Adverse reactions are more common than you might think. Full story »

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_InnovationSummit0106Boston Children’s Hospital convened the National Pediatric Innovation Summit + Awards 2013 with an ambitious goal: to bring together thought leaders to address the toughest challenges in pediatric health care. During the two-day summit, a series of panels and town hall discussions sparked dynamic dialogue.

While the summit was designed as a forum for ongoing discussion and relationship building, five key takeaways have emerged.            Full story »

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frassica

First-generation clinical decision support has been plagued by poor uptake among physicians, largely due to its overwhelming nature and perceived lack of applicability to clinical practice. But predictive analytics, built into these platforms, could produce the next significant wave in innovation in pediatric care, according to Joseph Frassica, MD, chief medical informatics officer and chief technology officer of Philips Healthcare.

Frassica spoke about predictive analytics last week at a panel on innovation acceleration at the Boston Children’s Hospital National Pediatric Innovation Summit + Awards 2013. Vector caught up with him afterward. Full story »

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Abstract model of the genome morphing into human shape representing clinical genomics.The Human Genome Project’s push to completely sequence the human genome ran a tab of roughly $2.7 billion and required the efforts of 20 research centers around the world using rooms full of equipment.

But that was using technology from the 1990s to early-2000s. As by a panel of genomics experts from industry and academia pointed out at last week’s National Pediatric Innovation Summit + Awards, a scientist in a single laboratory today can sequence a genome for as little as $1,000, making sequencing almost a medical commodity.

Now what? How do we go about making clinical genomics an everyday thing? The discussion left the answer to that question—and the other questions it raises—unclear. While the panelists expressed excitement about what’s possible, they cited great uncertainty among doctors, scientists, patients, payers, companies and regulators about how to make clinical genomics work. Full story »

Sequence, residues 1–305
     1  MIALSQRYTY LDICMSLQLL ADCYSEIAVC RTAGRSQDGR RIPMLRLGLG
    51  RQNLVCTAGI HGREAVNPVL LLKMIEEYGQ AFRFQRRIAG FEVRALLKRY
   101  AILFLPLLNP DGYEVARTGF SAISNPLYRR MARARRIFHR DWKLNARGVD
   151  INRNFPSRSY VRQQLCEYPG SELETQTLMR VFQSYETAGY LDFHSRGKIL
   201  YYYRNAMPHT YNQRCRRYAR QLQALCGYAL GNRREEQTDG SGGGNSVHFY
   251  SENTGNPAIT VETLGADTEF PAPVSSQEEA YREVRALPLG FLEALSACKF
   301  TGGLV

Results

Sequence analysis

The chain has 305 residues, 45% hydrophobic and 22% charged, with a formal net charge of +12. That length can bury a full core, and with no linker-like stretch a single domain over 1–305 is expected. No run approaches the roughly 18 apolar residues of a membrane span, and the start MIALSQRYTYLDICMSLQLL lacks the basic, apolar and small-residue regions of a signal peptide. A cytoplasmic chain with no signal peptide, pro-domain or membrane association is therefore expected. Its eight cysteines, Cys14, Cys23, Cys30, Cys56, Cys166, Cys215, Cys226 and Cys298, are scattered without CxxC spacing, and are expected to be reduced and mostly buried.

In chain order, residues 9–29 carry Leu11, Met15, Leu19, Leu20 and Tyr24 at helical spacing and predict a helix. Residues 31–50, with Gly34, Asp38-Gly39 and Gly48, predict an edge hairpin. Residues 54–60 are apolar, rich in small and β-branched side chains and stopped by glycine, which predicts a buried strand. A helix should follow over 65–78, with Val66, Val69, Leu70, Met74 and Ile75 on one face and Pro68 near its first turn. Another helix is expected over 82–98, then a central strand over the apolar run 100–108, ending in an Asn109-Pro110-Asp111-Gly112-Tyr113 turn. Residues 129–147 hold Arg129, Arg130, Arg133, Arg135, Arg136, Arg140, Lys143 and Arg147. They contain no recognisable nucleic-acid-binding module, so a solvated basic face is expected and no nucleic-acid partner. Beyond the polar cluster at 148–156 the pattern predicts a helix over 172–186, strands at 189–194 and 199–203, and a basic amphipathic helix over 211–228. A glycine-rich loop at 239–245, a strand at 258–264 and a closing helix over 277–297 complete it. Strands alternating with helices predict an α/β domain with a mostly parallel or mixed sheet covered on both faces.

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Understanding asthma's different pathways may allow individualized treatments.

Understanding asthma's different pathways may allow individualized treatments.

Existing asthma drugs don’t work well in many people, and a major reason is becoming clear: Asthma isn’t just one disease, but a collection of diseases that cause airways to constrict and become twitchy. Different types of asthma have different triggers that exacerbate the disease, each setting off a different part of the immune system, and each needing a different pharmacologic approach.

In this week’s Nature Medicine, a team led by Dale Umetsu, MD, PhD, and Lee Albacker, PhD, of Boston Children’s Hospital’s Division of Immunology and Harvard Medical School, describe a type of asthma triggered by the fungus Aspergillus fumigatus, a common mold.

Existing asthma control drugs, like inhaled corticosteroids, target allergic asthma, via pathways involving adaptive immunity and a group of T cells, known as Th2 cells. However, the new work, in live mice and in human cell cultures, suggests that Aspergillus triggers asthma through a faster process involving the innate immune system. In both mice and humans, Aspergillus activates a different set of T cells, known as natural killer T cells (NKT cells). Full story »